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  • Status: On display (outside)
  • Airworthiness: Static display
  • Type: Transport
  • Built: 1978
  • Serial Number: SAF 811
  • Construction Number: 85
  • Current Markings: CAF 115461
  • Length: 79 ft
  • Wingspan: 96 ft
  • Power: 3,055 hp each
  • Engine: 2 x General Electric CT-64-820-1 Turboprop
  • Maximum Speed: 271 mph
  • Cruising Speed: 208 mph
  • Service Ceiling: 30,000 ft
  • Range: 2,171 miles



Aircraft Description

De Havilland Canada designed the DHC-5 Buffalo as a more sophisticated version of the DHC-4 Caribou STOL military transport, starting in 1961. In March 1963, the US Army awarded de Havilland a contract for four aircraft (CV-7A), each capable of lifting a payload of 12,000 lbs. Development proceeded quickly and the first DHC-5 flew from Downsview in December 1964. By September 1965, the four Buffaloes had been delivered to the US Army, but were the only ones supplied because of a policy change within the US military.

The Canadian Department of Defence ordered fifteen DHC-5s in December 1964. These aircraft, designated as CC-115s by the RCAF, had up rated engines, but were otherwise similar to the US CV-7As. The first Buffaloes entered RCAF service in Montreal in 1967 and were used for paratroop training, supply dropping and tactical tasks. Later they moved to other bases, where much of the fleet was assigned to search and rescue duties.

Between 1975 and 1979, Buffaloes of No. 116 ATU were deployed to the Middle East in support of UN peace keeping missions. Flying under UN colours, the aircraft flew regularly between Cairo, Beirut and Damascus. On August 9, 1974 when flying over Syria, a CAF Buffalo was shot down with the loss of all nine crew – the largest loss of Canadian lives on a UN mission.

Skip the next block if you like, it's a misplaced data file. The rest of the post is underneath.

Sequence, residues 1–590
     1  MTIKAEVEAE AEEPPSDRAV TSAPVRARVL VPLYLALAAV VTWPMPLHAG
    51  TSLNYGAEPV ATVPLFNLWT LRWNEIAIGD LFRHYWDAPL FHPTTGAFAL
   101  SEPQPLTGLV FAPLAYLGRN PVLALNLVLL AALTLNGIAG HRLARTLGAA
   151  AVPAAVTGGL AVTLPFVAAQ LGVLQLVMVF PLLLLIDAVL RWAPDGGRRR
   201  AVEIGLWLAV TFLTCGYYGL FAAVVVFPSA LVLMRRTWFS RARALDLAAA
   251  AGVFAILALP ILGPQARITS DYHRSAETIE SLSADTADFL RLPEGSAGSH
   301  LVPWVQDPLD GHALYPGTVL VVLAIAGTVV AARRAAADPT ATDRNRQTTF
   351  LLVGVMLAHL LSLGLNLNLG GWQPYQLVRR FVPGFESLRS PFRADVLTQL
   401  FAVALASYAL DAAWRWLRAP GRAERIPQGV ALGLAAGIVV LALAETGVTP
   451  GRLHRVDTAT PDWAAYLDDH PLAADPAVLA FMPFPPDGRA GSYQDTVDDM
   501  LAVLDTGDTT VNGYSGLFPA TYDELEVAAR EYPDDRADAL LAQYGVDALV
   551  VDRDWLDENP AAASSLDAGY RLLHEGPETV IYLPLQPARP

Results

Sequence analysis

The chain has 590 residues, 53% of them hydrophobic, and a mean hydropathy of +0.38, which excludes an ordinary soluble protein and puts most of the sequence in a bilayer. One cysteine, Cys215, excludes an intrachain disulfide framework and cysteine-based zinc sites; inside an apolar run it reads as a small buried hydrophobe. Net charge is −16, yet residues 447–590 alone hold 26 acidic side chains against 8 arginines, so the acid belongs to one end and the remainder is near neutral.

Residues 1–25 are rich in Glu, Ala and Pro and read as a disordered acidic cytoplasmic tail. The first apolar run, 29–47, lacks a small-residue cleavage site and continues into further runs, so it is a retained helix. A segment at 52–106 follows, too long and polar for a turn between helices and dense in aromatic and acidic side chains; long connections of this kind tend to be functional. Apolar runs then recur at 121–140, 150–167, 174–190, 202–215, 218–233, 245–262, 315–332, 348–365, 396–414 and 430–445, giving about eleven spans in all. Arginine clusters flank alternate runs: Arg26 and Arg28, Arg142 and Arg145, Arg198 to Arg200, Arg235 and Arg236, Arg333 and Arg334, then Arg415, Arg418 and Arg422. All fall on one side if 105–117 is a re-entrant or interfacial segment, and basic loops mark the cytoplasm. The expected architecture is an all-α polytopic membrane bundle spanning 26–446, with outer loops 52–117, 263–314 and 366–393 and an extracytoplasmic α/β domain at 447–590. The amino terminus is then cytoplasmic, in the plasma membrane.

Several CC-115s remain in Canadian Forces service today as search and rescue aircraft, with No. 442 Squadron at Comox, BC. The Buffalo’s ability to operate from small rough air strips, allowing evacuation of ill or wounded personnel, is greatly prized.

A total of 126 DHC-5 Buffaloes were built by de Havilland Canada from 1965 to 1986.

The Museum’s de Havilland DHC-5 Buffalo was completed at Downsview, Ontario in May 1978 and was one of four aircraft built for the Sudanese Air Force. The Museum received the airframe from DAC International in January 2003. The aircraft has been restored as Canadian Armed Forces DHC-5, #115461. “461” was flying under United Nations colours in the Middle East on August 9, 1974, when it was shot down over Syria killing all nine Canadian servicemen on board. The Canadian Warplane Heritage Museum's Buffalo was dedicated in August 2009 to the thousands of Canadian military personnel who have served as UN Peace Keepers.

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Canadian Warplane Heritage is a registered Canadian charity (No. 10686 8599 RR0001)

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